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A rise in visitors to Rochester’s spray parks coincides with a heat advisory



A rise in visitors to Rochester’s spray parks coincides with a heat advisory

Rochester, New York – A scorching summer week is about to begin, and since the highs will last for a few days, city dwellers are flocking to spray parks.

Mayor Malik Evans of Rochester proclaimed a weeklong extended cool sweep for the city.

Tuesday through Friday, R-Centers and spray parks will remain open until nine o’clock at night.
Open from 10 a.m. to 8 p.m. are the spray features at Dr. Martin Luther King Jr. Memorial Park, Fourth and Peck Park, and Troup Street Park.

“It’s my baby’s first time,” said Jacqueline Torres, a mother in Rochester. “I want her to enjoy the weather and enjoy the water,”

“The kids were dying to get in the water,” said Shamell McCullough, a mother who came to the Carter Street R-Center with her family.

The best thing about the spray park, apart from seeing familiar acquaintances, was getting away from the heat.

“I’ve been splashing people,” said Essiana Bush, who was enjoying her time with friends and family at the park. “You get to cool down.”

Some people came with their animals to enjoy the water.

“It’s really hot out, but we’re enjoying as much as we can, trying to stay in the shade, drinking water,” said Journey Hamilton, who stopped by the David F. Gantt R-Center with her dog. “Just coming out made the day even better.”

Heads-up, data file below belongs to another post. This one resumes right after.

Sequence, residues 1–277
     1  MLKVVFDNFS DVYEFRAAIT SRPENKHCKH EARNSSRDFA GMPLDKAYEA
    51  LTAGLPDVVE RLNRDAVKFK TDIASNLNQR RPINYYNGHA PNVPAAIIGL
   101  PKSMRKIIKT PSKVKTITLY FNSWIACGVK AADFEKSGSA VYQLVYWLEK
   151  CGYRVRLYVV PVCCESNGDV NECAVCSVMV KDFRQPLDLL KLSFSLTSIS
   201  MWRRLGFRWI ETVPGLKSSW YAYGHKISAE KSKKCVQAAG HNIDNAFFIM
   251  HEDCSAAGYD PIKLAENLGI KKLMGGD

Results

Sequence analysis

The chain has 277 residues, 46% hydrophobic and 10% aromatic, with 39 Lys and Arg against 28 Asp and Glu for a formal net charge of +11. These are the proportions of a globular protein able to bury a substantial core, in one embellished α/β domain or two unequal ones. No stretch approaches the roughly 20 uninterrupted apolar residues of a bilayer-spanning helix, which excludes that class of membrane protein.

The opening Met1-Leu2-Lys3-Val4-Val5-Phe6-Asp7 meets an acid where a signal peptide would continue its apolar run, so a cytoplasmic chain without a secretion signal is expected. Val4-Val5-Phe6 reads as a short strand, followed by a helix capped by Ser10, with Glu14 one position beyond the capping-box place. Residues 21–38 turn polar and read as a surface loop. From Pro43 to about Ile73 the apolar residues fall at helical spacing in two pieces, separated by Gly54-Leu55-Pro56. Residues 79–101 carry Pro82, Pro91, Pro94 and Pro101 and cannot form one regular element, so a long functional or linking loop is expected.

In addition, hydration is advised by Rochester medical professionals as one of numerous strategies to prevent heat exhaustion, which can develop into heat stroke.

“When someone is having heat exhaustion, they may get some mild headache,” said Dr. Bohdan Klymochko, a University of Rochester Medical Center urgent care physician. “They may get a little bit dizzy or lightheaded. They might look a little pale, feel a little clammy, sweaty. They might feel a little bit weak, some muscle cramps, very thirsty.”

It is possible to treat heat exhaustion at home. In the event that someone is having symptoms, they should lie down, drink plenty of water, and make an effort to stay cool by wearing loose clothing or applying compresses. You can also get in touch with primary care doctors.
Heat exhaustion is regarded as more serious.

“The body temperature’s much higher; 104 or more,” said Klymochko. “Their heart rate is likely going to be very, very fast. Again, they may be confused if they’re unconscious if they have a seizure. Another clue might be that their skin is actually very hot but dry. They’re not sweating anymore.”

Klymochko continues, saying that if someone is experiencing heat stroke, they should call emergency services right once. They should be kept chilled until first responders come, but they shouldn’t be given any liquids.

Prevention is the best defense against heat-related illnesses, claims Klymochko.

“The biggest thing again is just monitoring your children, your family, your friends, closely, taking frequent breaks, applying sunscreen as appropriate, making sure you’re sitting in the shaded areas for five, ten minutes, drinking your water, having a snack,” he advised.

As long as the weather stays warm, spray parks will probably be packed.

“We will be out here for the rest of the week trying to beat the heat,” said Shante Jenkins, a mother who brought her children to the David F. Gantt R-Center.